This coach tells the players “Do a fake on every possession” until his players have mastered many ways to beat opponents. within moral and ethical standards. When he loses the ball. the parental and peer pressure to win can serve only as a block to the young child’s self-concept and willingness to take the risks involved with developing fantastic individual skill. His teams give up many goals at the younger ages because they take the individual risks necessary to learn to perform magic tricks with the ball and reach their ultimate potential. the house will come down around your ears. creative groups are magnets to jealously. You cannot become paralyzed by fear of failure. On the one hand the positive coach’s response promotes future risk taking and maximizes eventual confidence and growth. However. This rare animal is a true mentor with only the best interests of each individual in mind. and the coach says. This results in a serious inhibition of skill development and a “coach induced” failure to realize maximum potential. the child knows he is loved when he is genuinely supported through life’s inevitable mistakes. Prepare to be hung as a scapegoat one week and praised to the ends of the earth the next. destroys confidence and discourages the willingness to take risks. the negative reaction creates an atmosphere of fear. You can’t tell your players they can only be creative in a particular way or style. As a great coach you need to be even more supportive of your team when those great skills dry up for a while or are less successful. the misguided parent groans when the ball is lost. This approach is one of unconditional love and permeates the relationships of all truly wonderful mentors and their students. All because winning is so important and pervasive in today’s world. Encouraged to be creative. When winning is the emphasis most children won’t even make the effort to be creative because the downside is too damaging. When things don’t go well the critics will tear you apart. It is inevitable that when the players on a team take great risks before their creative skills have been refined they will lose the ball and probably lose the game. Can you deal with that? “The life history of the individual is first and foremost an accommodation to the patterns and standards traditionally handed down in his community. “Fantastic effort it takes real guts to take a risk there”. That’s a rule.” Ruth Benedict The great coach doesn’t care about winning the game. in a society that prizes winning to such a great degree.80 However. teacher and pupil or coach and player. it doesn’t matter how. If they succeed. will reap dividends in the long run. Success will only come if you can also live with the consequences of failure. the other players learn to point the finger of blame at the errant player. . gossip and sniping. encouraged to play without fear of failure. the simple act of taking risks and daring greatly in the pursuit of the ability to dominate an opponent. Whether the dynamic is between a parent and child. but if they fail. encouraged to make mistakes and encouraged to make the errors that are really necessary to truly learn and grow. The poor coach discourages dribbling and fakes. the child knows that the coach’s love is conditional when she loses the ball and reaction of the coach is negative. Maverick. Everyone will need to be pushed to only do their very best and to be able to do it their way. On the other hand. Conversely. the other team scores. the player knows that the coach cares for them not his own ego gratification. These players are always encouraged.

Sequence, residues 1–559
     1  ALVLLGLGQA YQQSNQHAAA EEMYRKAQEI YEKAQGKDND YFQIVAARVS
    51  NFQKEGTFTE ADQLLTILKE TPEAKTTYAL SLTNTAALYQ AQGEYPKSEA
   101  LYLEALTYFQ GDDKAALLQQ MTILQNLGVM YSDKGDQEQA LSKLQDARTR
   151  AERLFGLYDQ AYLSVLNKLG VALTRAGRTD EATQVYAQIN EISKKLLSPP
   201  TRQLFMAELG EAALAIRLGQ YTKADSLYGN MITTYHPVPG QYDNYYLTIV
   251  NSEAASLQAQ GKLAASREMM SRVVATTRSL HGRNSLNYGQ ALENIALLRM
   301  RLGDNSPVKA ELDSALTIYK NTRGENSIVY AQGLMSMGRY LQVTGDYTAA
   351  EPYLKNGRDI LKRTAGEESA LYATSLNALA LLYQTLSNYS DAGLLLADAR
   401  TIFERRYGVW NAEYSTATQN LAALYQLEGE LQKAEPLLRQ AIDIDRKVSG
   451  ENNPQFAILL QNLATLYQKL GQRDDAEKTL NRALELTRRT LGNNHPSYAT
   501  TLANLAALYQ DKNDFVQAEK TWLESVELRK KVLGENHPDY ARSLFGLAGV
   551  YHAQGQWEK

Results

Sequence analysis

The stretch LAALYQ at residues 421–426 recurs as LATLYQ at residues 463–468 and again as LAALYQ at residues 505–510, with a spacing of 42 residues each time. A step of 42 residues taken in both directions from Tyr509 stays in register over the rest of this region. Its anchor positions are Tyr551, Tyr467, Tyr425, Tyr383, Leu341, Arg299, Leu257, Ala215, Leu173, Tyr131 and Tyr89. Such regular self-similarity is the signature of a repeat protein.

Let your falls not be on a prepared ground. It is a dangerous fear to have working against you because it can cause the personality to freeze and therefore induce the very failure you fear. but let them be bona fide falls in the rough and tumble of the world. more competent. ask yourself why you failed. learning. It is important to seek persistently within both failure and success to discover new insights and know-how. you will have all you need to conquer the plaguing fear of failure. take a perceptive look at it. and never in any sense entertaining the thought that you will continue to fail. You can bring great accomplishments out of what at first seemed overwhelming failure. thinking. Such practice strengthens you in the process of thinking failure out and thinking success in. working and believing. Then too. So when you experience a failure. There is no satisfaction in this world quite like overcoming the fear of failure. but if you permit failure to continue as failure. we can learn from our successes how a thing is done right. Everyone is bound to fail at times and the important question is.” Samuel Butler “More people than might be supposed are deeply troubled by the fear of failure.81 “Being creative means moving away from a dependence solely on the rational. And isn't it only the world’s most creative organizations that succeed and last?” Graham Thomas “Don't learn to do.” Author unknown . it will be failure in outcome forever. how do you react to failure? Actually a failure can be an excellent teacher-we can learn from our mistakes how not to do a thing. If you prepare for a frontal assault by planning. but learn in doing. the low risk but well thought. the planned. then go back at it again wiser. studying.